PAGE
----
New York City will close the Randall’s Island tented accommodation for asylum seekers, Mayor Eric Adams said Thursday.
City officials are in the process of “demobilizing” the shelter as the number of migrants has fallen in recent weeks. The single adult male migrants will be relocated to Midtown Manhattan where 600 rooms will be available at the Watson Hotel.
“This Humanitarian Emergency and Assistance Center will provide asylum seekers with housing, access assistance and get them to their final destination,” Adams said in a statement.
“We will continue to pivot and shift as needed to address this humanitarian crisis, but it is clear that we continue to need financial support from our state and federal partners,” the statement added.
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According to Adams, the estimated number of asylum seekers in New York City is over 23,800. City officials are taking care of at least 17,500 migrants.
The emergency shelter on Randall’s Island opened in October after the original Orchard Beach shelter in the Bronx was flooded. The facility, intended to house up to 500 single adult males, featured laundries, a cafeteria, and entertainment centers with Xbox systems.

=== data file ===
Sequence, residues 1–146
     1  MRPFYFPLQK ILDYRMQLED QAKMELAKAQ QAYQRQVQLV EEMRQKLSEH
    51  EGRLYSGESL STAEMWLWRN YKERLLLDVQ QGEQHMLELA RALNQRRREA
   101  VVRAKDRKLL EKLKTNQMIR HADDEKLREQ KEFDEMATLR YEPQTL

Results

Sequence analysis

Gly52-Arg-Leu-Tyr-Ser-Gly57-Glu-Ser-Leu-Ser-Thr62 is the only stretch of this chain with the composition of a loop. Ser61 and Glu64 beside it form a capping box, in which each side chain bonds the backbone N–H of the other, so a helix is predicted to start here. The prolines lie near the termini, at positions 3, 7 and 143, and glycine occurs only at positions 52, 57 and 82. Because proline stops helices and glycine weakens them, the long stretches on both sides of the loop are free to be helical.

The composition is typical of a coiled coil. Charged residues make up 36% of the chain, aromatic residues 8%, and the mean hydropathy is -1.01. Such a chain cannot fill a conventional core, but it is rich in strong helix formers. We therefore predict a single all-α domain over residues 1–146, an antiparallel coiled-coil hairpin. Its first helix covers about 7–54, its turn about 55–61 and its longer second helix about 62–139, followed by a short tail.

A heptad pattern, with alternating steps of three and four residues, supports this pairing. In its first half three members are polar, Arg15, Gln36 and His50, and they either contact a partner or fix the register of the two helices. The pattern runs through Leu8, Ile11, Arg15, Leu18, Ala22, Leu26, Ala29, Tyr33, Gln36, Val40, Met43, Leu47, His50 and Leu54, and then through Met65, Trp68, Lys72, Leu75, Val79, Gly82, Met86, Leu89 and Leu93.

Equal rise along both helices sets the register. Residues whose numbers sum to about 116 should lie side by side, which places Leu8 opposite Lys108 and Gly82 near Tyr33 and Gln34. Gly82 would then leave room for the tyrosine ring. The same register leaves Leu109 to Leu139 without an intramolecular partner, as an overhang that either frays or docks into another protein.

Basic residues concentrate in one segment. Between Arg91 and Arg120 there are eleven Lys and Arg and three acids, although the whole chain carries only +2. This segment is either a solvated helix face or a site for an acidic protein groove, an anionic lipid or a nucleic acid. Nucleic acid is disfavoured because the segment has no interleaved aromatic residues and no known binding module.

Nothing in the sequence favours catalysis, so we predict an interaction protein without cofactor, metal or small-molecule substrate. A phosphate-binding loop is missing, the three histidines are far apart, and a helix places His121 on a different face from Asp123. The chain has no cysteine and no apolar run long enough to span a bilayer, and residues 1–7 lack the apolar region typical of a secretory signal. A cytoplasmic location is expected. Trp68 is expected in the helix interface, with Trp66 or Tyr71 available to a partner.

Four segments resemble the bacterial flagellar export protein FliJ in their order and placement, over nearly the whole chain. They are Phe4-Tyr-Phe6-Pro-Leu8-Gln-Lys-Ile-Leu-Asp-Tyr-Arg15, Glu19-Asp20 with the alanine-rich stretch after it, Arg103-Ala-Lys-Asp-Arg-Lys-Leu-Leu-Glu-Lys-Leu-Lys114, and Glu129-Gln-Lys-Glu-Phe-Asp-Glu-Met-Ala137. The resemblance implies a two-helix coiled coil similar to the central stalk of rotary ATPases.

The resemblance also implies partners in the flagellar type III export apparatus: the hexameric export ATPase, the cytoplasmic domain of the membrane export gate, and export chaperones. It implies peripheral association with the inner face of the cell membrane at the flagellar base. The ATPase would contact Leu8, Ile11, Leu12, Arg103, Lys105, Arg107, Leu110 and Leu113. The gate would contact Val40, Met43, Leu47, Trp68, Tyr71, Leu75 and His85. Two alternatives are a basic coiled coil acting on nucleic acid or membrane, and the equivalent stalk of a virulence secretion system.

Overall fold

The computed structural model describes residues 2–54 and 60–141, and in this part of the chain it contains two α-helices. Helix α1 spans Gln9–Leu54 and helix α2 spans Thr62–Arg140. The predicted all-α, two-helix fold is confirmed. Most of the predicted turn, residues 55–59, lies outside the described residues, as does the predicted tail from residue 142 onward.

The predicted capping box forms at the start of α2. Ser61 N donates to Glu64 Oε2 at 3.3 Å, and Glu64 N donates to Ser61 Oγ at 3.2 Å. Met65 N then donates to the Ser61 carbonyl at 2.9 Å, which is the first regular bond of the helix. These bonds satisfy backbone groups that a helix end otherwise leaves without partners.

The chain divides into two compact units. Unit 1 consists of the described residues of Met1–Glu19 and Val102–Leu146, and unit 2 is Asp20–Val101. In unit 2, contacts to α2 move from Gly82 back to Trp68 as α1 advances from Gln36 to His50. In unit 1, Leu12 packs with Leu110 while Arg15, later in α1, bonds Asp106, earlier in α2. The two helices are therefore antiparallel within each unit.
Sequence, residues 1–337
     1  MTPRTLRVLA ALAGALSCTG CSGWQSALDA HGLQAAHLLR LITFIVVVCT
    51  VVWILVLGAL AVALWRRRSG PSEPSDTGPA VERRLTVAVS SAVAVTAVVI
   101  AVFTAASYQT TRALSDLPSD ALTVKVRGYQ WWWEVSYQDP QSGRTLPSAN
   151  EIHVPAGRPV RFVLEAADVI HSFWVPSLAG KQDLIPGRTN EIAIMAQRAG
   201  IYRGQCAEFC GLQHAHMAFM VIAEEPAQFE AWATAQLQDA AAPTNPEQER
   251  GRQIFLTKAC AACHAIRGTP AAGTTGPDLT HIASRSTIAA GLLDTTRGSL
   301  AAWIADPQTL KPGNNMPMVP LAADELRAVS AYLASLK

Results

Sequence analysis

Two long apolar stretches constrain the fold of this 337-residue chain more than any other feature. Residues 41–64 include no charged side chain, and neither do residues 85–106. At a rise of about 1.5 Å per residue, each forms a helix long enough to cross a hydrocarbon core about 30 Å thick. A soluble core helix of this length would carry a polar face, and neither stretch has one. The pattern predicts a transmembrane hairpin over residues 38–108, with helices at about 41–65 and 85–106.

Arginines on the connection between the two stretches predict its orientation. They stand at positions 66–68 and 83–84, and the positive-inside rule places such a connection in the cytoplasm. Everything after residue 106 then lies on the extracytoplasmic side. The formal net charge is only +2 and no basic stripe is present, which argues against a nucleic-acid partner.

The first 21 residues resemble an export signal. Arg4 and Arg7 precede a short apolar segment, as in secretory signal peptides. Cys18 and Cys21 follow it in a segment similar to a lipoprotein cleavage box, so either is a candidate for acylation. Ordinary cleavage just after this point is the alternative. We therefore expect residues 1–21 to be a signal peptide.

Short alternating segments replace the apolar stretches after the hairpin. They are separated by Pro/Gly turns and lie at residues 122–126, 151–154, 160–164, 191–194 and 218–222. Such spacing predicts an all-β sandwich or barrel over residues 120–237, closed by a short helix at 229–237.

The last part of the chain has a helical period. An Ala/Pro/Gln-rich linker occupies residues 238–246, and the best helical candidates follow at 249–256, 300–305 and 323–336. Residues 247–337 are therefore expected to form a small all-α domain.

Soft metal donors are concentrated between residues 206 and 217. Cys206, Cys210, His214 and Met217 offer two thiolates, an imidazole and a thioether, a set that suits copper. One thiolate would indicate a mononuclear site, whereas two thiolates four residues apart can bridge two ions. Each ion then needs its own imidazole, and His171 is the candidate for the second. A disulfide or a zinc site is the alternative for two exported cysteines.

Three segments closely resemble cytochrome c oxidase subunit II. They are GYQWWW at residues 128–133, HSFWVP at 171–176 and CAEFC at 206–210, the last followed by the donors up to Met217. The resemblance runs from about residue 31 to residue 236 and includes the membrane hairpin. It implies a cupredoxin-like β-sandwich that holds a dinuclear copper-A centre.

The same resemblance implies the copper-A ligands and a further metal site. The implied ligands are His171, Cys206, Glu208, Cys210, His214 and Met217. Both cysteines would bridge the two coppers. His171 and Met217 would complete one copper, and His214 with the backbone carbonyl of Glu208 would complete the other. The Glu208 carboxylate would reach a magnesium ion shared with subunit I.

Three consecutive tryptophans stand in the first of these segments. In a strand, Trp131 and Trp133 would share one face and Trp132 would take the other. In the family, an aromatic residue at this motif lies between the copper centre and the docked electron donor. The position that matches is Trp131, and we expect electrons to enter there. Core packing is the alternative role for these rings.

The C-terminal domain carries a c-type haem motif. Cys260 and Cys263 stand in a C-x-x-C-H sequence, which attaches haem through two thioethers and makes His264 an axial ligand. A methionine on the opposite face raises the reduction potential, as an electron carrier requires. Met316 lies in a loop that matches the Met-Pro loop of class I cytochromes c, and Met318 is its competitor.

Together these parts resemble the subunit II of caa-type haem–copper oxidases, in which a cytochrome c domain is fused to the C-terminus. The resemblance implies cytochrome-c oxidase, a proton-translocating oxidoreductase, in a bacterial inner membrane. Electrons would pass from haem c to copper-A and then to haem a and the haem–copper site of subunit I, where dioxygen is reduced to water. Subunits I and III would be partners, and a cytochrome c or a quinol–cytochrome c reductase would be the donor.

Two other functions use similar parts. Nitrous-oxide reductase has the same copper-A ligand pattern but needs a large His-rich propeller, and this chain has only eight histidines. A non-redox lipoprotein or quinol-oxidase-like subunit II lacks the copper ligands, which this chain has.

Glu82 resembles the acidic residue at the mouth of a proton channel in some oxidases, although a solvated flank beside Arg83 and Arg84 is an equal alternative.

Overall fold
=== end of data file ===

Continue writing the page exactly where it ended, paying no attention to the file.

Republican mayoral candidate Curtis Sliwa has criticized the decision to admit migrants to Randall’s Island — which is also home to the Kirby Forensic Psychiatric Center, a maximum-security facility for mentally unstable and often violent patients.
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“It’s like mixing ammonia and bleach together. They’re asking about a problem,” Sliwa told Fox News Digital. “There will be an uprising on the island.”
Adams’ press release also subtly criticized Texas Gov. Greg Abbott for busing migrants to the Big Apple. Abbott has claimed the effort was aimed at raising awareness of the seriousness of the southern border migrant crisis.
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“The city — largely on its own — has taken swift and urgent action and has managed the arrival of a rapidly growing number of buses across New York City with virtually no coordination from the states that dispatch them,” Adams said in his statement.
Fox News’ Julia Musto and Danielle Wallace contributed to this report.